Do not conform to the pattern of this world, but be transformed by the renewing of your mind. Then you will be able to test and approve what God’s will is—his good, pleasing and perfect will.
Can people ever really change?
This was a debate I often had with one of my college roommates. He thought your personality is like a foundation – you might change the things you like doing or your favorite foods – but your core being doesn’t change. I thought that experience changes your core being; shifts in your personality or interests are an outpouring of that changed core.
Hey, we didn’t watch sports, so we had to talk about something, okay? These were the days before YouTube.
Have you ever thought about change? They say change is a fact of life, so we’ve all experienced it. We’ve gotten new jobs or changed houses or met new people, sure, but how often have you changed your core being? Is that even possible? And, let’s say you were able to change yourself, what would that look like?
In Paul’s letter to the Romans, he talked about this very idea of personal change. He challenged Jewish and Gentile Christians to set aside differences to come together in Christ. They could never do that unless they adjusted their priorities. This change in priority isn’t something superficial or easy. Read what he says in 12:2: “Do not conform to the pattern of this world, but be transformed by the renewing of your mind.”
There’s so much to pick apart in that verse, but so often we zero in on that word “transform.” We’ve all seen the explosionfest which is Michael Bay’s Transformers movie (you know, the one about the cars that turn into robots who make jokes about farts and pee pee while Shia Lebeuf shouts “no” for two-and-a-half hours). If Michael Bay can make a movie about it, then we know that transformation is not a new or complex concept.
As I read that verse, my mind goes back to those debates with my roommate. When wrestling with the concept of change, we always relied on examples of external, superficial changes. Say you always loved seafood, but then one time you order catfish and gag on a little bone left inside. Now, whenever you think of seafood, you gag. That’s an example of personal change.
But that’s not what Paul is talking about in Romans 12:2.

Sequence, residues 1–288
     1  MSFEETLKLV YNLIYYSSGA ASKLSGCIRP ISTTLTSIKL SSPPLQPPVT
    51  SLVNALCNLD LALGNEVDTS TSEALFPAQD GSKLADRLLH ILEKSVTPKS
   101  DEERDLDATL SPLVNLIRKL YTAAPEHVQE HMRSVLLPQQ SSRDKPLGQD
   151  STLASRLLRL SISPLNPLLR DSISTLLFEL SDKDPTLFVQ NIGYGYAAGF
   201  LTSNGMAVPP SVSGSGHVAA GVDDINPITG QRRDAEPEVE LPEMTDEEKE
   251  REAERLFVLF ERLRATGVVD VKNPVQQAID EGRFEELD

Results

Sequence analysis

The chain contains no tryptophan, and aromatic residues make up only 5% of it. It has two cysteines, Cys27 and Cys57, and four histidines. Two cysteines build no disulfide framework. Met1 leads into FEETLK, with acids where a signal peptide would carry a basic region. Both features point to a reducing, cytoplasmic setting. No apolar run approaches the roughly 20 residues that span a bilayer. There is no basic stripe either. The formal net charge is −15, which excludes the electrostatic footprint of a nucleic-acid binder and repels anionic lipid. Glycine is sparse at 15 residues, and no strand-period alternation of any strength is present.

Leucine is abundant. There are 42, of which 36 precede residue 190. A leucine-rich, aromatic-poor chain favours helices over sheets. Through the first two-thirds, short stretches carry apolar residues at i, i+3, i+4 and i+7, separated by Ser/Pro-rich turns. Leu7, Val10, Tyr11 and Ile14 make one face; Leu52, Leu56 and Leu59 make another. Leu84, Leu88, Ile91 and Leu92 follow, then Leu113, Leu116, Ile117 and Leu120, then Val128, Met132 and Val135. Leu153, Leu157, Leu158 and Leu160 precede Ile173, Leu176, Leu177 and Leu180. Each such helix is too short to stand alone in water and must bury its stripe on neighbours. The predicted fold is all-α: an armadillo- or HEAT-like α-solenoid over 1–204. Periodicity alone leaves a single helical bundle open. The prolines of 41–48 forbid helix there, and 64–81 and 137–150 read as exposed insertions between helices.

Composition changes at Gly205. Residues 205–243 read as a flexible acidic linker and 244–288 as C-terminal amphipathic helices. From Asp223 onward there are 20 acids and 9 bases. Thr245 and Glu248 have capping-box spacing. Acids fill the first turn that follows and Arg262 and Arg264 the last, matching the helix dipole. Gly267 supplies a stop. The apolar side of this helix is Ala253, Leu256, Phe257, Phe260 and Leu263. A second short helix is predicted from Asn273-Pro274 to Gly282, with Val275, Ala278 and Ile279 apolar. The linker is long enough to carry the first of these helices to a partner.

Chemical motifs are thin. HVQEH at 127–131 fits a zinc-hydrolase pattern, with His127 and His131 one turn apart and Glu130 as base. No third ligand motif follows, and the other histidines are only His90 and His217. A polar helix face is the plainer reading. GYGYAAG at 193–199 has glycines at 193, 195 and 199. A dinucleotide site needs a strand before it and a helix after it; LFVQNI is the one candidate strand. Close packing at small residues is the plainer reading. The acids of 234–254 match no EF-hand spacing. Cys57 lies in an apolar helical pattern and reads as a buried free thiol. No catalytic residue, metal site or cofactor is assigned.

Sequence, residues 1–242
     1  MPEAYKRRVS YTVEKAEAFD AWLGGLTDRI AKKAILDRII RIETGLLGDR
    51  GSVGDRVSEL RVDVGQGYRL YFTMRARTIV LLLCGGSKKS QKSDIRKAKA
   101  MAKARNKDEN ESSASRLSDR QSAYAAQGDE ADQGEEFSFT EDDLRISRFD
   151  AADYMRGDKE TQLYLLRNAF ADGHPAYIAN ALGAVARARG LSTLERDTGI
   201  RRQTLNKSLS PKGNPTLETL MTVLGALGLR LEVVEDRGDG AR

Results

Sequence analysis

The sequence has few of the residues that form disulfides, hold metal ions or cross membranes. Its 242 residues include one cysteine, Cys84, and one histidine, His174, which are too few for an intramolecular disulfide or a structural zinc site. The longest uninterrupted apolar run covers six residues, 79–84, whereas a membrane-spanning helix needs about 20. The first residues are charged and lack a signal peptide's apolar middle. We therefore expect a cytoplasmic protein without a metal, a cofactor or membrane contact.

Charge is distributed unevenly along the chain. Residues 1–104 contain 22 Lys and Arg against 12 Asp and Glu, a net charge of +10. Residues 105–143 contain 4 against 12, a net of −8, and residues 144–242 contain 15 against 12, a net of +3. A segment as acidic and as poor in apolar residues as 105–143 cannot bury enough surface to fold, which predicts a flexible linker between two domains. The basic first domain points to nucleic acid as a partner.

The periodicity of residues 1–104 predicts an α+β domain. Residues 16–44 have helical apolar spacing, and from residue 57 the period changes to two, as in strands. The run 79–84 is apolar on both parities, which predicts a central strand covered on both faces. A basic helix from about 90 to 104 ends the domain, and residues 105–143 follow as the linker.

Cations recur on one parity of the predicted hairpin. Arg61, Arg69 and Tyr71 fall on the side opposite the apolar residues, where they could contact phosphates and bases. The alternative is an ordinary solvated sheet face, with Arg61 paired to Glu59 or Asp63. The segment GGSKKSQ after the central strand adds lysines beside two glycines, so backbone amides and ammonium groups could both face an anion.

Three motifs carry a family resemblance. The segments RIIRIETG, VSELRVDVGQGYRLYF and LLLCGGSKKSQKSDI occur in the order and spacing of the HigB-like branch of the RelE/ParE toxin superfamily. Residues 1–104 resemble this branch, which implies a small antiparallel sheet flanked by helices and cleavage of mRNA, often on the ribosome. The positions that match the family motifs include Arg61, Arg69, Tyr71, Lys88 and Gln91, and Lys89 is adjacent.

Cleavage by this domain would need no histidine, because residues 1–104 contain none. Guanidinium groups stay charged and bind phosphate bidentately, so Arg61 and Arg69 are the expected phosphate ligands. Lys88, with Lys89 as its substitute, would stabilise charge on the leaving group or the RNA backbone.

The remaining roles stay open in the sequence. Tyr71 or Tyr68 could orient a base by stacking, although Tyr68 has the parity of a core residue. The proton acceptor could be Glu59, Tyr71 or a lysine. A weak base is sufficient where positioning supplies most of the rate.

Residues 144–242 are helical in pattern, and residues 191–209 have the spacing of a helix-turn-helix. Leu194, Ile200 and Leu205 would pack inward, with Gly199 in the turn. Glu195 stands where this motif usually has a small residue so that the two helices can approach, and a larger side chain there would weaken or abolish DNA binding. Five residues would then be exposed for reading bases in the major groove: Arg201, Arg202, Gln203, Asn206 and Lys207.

You see, with a surface-level understanding of transformation, we think of those moments in life when something shifts in us. Maybe it’s a change in our hobbies. Or maybe it’s a sudden moment of inspiration. For some people, it’s that moment you see a commercial for starving children, so you decide to send some money to that charity. And for others, it’s that time you felt convicted to go to church even though you were, like, really tired.
We cheapen the meaning of the word “transform” when we use it to describe that single moment of conviction; something that changes us for a moment, but allows us to live the exact same way. In Romans 12:2, the word transform in the original Greek is μεταμορφόω (metamorphoó). This is where we get the word metamorphosis.
Think about butterflies. They start as caterpillars, undergo metamorphosis, then are completely and forever changed into butterflies. They used to crawl on the ground, but now they fly. That’s a complete and total transformation.
When Paul tells us that we should be transformed by the renewing of our minds, he’s talking about this same complete and total transformation. Not only are we forever changed, but we’re unrecognizable compared to our previous selves. We allow Christ into our minds and hearts in such a way that we become something new. Our priorities shift. Our selfish nature is stripped away. Our sinful inclinations are destroyed.
Unlike butterflies, however, this level of transformation requires a constant renewal. See, butterflies never have to renew their metamorphosis. If they slack on their diet or tease the nerd butterflies, they will never turn back into caterpillars. Their metamorphosis isn’t a choice, but a requirement of their existence.
For us, transformation is not a requirement. And if we lose our passion or if we drift away from God’s call, then we’ll lose it, transforming back into our previous self. That’s why Paul’s challenge is for us to continually seek ways to renew our minds. We are called to move so far beyond our natural tendencies that we can’t exist as this new being without Christ.
Transformation is so much more than those changes to our interests and hobbies. Transformation is more than just changing a car to a robot – it’s about changing from a Michael Bay movie to a good movie.
We are called to be more than just worms crawling around in the dirt, following our most basic instincts. We are called to be radiant beings, soaring through the air with a new sense of purpose. Forever.
What do you think? Let me know in the comments below!
- How would you recognize if you’ve been “transformed?”
- What does it mean to undergo a “renewing of your mind?”
- What is one of your wants or desires that would be challenged if you experienced a true transformation?
- Leviticus 20:26
- Romans 12:1-2
- 2 Corinthians 4:16
Tree Fall features college-focused stories, tips, and inspiration for living Christian values in our broken world. Read more Tree Fall features here:
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